Assessing how much citizen input constrains local government’s actions provides a starting point for designing decentralization policies. These initial conditions determine the extent to which decentralization will increase government as a whole’s responsiveness to citizens and provide a guideline for including participation-enhancing measures in decentralization policy.

Regular elections, local referendums, permanent public-private councils and other institutional structures are other easily identifiable conditions that may improve the ability of local governments to identify and act upon citizen preferences. Levels of social capital, which determine how well citizens are able to take advantage of the institutional arrangements for participation, are slower to develop and harder to determine. The presence and activities of non-governmental organizations (NGOs) and other citizen groups can be a revealing indicator, but it is also important to determine who these organizations really represent. Disparities between those who are represented by an NGO and those who remain outside the system can lead to local government ‘capture’ and preclude efficient matching of public spending to constituent needs.

Participation as a Goal: The More Attainable Beginning Reforms

Decentralization relies on participation to improve the allocation of services, but it does not require the kinds of broad citizen input mentioned above. In cases where local governments are not elected, the electoral process favors a small group of elites, or low levels of social capital impede active citizen-state interchange, the process of decentralization can be designed to build up more limited types of participation. Issue-specific and project-specific mechanisms for enhancing the flow of information between the government and citizens can often be implemented more quickly and easily at the local level than in central governments. Demand-driven projects are one of the key tools used by the Bank to deepen the decentralization process.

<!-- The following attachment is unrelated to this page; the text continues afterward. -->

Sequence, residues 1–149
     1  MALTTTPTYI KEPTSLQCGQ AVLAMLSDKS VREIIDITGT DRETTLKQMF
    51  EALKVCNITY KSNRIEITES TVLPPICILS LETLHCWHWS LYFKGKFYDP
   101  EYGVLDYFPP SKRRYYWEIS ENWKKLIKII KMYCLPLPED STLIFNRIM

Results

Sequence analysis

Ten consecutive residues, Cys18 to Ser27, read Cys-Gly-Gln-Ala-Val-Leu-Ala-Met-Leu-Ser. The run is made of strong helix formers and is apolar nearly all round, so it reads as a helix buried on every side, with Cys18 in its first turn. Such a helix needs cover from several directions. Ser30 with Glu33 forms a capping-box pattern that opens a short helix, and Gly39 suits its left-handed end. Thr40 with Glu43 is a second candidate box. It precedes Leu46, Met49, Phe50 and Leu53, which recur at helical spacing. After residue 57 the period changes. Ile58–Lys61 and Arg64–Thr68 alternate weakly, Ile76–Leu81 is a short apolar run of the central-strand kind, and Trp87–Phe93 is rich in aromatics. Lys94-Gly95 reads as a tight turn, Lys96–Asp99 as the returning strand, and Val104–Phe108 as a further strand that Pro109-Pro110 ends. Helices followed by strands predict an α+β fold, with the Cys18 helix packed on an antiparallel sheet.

Local governments have used a wide variety of techniques to gather more information from their constituents. Surveys have been a useful tool for refining service delivery and deciding on appropriate user fees. A survey of water supply users in Baku Azerbaijan, for example, revealed that users were willing to pay more for a better quality of service and pinpointed the most important problems to address. Bangalore and several other Indian districts use report card to evaluate service delivery, Uganda has begun to require beneficiary feedback on some government services, and Nicaragua used a series of surveys to reform the bus system and adjust fares. Issue-specific ad hoc councils can also be a quick, easy way to determine citizen preferences and draw on existing private sector expertise. Colombia’s municipalities, for example, have supplemented the public sector’s weak technical capacity by involving more private experts on a short-term basis. Inviting citizen participation in implementing decentralized programs can also be cost effective. World Bank funded projects have shown that although initial training costs can be high, the long run savings are substantial and projects tend to be better maintained. Nicaragua’s municipal development program, for example, which used beneficiary participation in barrio upgrading, completed projects 20% faster than predicted and had a 50% higher rate of return than expected.

In the long run, these limited mechanisms for participation can evolve into closer and more meaningful interaction between citizens and their local governments


Citizen participation in some form is an essential part of successful decentralization. It is becoming a more common element in developing country political environments - 13,000 units of local government in Latin America are now elected, compared to 3,000 in 1973 - but the flow of information is by no means undistorted. Planning decentralization policies should take these informational imperfections into account and attempt to improve the depth and degree of citizen participation in local government action. Local government responsiveness, one of the main rationales for decentralizing can not be realized when there are no mechanisms for transferring information between the local government and its constituents.